Right-wingers have figured out that one way to undermine any female politician is to attack her as inauthentic. That's why the election of Rep. Alexandria Ocasio-Cortez to Congress has resulted in a cascade of accusations that she is somehow not who she says she is, from attacks on her for using the nickname "Sandy" as a teen to obsessively chronicling her clothing choices and even her childhood home for signs of phoniness.
None of this has stuck yet, but that could be because Ocasio-Cortez is a freshman congressman who hasn't garnered enough power to threaten the egos of the men who run the mainstream media. If she ran for president, however, there's a not-small chance that her childhood nickname would become an endless source of "questions" in headlines at outlets like Politico, or the subject of tweets from New York Times reporters.
To be sure, male politicians sometimes get painted as out-of-touch elitists. In some cases, that's just because they are — think Mitt Romney, who got this reputation not because of his clothing choices or eating habits, but because he literally told rich donors that half of all Americans are lazy parasites.
In most cases, however, the "inauthenticity" charge is part of the right-wing process of feminizing male Democrats, as was done to Al Gore in 2000 and John Kerry in 2004, who both saw the mainstream media turn everything from their clothes to their love of sports into evidence that they were inauthentic and somehow girly.
It's no accident that these charges of inauthenticity are intertwined with ideas about femininity, of course. That's the whole point of feeding these "inauthenticity" narratives about male candidates into the gullible mainstream media cycle — to make them seem less manly and therefore less natural in a leadership role.
This is also why it's unwise to believe that the sexist authenticity trap can be avoided in 2020 by nominating a man instead of a woman. Yes, the male candidates are getting a pass on the authenticity test. (Although not for long: Rep. Liz Cheney just mocked Cory Booker on TV for being a vegan.) But if a man ends up as the Democratic nominee, the right-wing noise machine will swiftly start feeding the mainstream media stories designed to make him look like a fraud and a girly-man. The current media eagerness to push stories about fried chicken and hip-hop records suggests they'll be delighted to play along when it's a man's turn to be demonized this way.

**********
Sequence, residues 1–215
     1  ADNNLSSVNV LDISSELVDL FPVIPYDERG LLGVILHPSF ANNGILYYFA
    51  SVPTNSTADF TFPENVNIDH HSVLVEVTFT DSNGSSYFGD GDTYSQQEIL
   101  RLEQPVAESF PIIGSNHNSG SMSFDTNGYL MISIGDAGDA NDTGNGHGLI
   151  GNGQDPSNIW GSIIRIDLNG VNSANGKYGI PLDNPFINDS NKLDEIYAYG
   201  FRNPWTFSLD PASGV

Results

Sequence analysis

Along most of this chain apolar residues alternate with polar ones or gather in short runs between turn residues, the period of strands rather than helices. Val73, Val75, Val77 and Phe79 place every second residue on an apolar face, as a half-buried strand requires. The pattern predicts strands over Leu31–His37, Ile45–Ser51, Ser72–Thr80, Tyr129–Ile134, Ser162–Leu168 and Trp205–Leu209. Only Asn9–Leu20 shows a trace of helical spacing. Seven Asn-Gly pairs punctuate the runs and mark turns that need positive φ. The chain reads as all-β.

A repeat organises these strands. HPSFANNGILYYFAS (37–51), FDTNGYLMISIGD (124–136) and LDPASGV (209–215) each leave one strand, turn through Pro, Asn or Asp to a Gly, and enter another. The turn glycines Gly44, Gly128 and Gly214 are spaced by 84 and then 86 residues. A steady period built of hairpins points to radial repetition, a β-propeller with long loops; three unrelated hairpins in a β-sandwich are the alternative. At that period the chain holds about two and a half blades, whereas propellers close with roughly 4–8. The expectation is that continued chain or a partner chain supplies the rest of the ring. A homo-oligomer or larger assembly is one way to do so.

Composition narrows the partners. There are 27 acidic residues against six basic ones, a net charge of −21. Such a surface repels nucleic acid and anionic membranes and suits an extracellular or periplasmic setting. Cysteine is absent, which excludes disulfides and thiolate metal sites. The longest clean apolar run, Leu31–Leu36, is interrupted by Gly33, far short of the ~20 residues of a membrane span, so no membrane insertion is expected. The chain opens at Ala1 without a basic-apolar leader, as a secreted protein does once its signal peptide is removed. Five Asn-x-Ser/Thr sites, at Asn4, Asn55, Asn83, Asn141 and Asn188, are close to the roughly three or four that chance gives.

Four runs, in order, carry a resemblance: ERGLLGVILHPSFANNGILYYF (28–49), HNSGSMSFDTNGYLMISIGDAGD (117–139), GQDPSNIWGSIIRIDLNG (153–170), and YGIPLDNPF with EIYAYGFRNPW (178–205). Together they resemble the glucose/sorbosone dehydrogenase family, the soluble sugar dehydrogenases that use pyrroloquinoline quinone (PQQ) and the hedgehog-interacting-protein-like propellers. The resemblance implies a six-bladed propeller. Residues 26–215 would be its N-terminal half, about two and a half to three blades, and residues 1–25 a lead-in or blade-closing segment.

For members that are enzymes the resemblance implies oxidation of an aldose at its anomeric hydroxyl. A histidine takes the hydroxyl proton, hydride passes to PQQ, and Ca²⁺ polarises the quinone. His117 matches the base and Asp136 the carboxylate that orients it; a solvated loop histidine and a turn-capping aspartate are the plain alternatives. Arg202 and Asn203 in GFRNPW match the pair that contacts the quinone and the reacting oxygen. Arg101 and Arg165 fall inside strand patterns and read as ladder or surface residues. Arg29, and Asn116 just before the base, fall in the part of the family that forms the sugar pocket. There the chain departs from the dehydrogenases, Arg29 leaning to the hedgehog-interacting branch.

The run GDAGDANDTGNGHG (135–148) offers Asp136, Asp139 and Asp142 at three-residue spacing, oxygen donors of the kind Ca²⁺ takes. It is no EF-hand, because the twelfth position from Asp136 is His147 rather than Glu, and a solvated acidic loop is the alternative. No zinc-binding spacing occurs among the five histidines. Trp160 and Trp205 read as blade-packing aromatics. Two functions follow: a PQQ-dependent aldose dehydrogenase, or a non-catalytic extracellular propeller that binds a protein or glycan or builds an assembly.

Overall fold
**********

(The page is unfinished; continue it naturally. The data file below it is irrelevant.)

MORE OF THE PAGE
The case of Amy Klobuchar definitely complicates the issue. While the authenticity attacks on Warren, Harris, and Gillibrand are all varying degrees of irrelevant and sexist BS, but there's good reason to believe the stories about Klobuchar being a bad boss are both true and relevant. It matters whether a president can handle staff management issues, after all, and it would have been nice if the media had cared half as much in the past when male politicians faced similar complaints.
Unfortunately, the Klobuchar story is a classic "boy who cried wolf" situation. Reporters who worked on this story and their colleagues may be frustrated to see so many readers dismiss the Klobuchar story as sexism, but can anyone blame people for seeing it that way? After years of stories that unfairly characterized female Democrats as liars and ballbusters, it makes sense that many women now believe the mainstream media has no credibility when it comes to covering female politicians.
Arguably, this public skepticism might help salvage this terrible situation. Clinton got nearly 3 million more votes than Trump, despite the fact that her media coverage was ridiculously unfair. Especially in light of his epic and very real corruption, Trump was barely vetted at all. Sexist media coverage could well have cost Clinton an electoral victory by chipping off a few thousand votes in a handful of districts that tipped the balance. But it also created a growing awareness of how serious the problem is. That could mean that even more voters see through the sexist attacks on candidates next time around — and make better decisions for it.
Still, the mainstream media shouldn't depend on the public holding them in contempt to save our democracy. Instead, it's time to simply cease with the sexist coverage. Stop trying to "test" candidates for authenticity by policing their clothes, their hobbies and the way they eat fried chicken. Stop uncritically elevating right-wing attacks on Democratic politicians that are based in nonsense.
This time around, mainstream journalists should try shaping coverage around important matters, such as the policies candidates support and the likelihood that they'll be able to pass them. That way, we won't have to face another election where a wealthy, sexist and endlessly corrupt liar wins the presidency because he was better at gaming the media's bizarre understanding of what constitutes authenticity.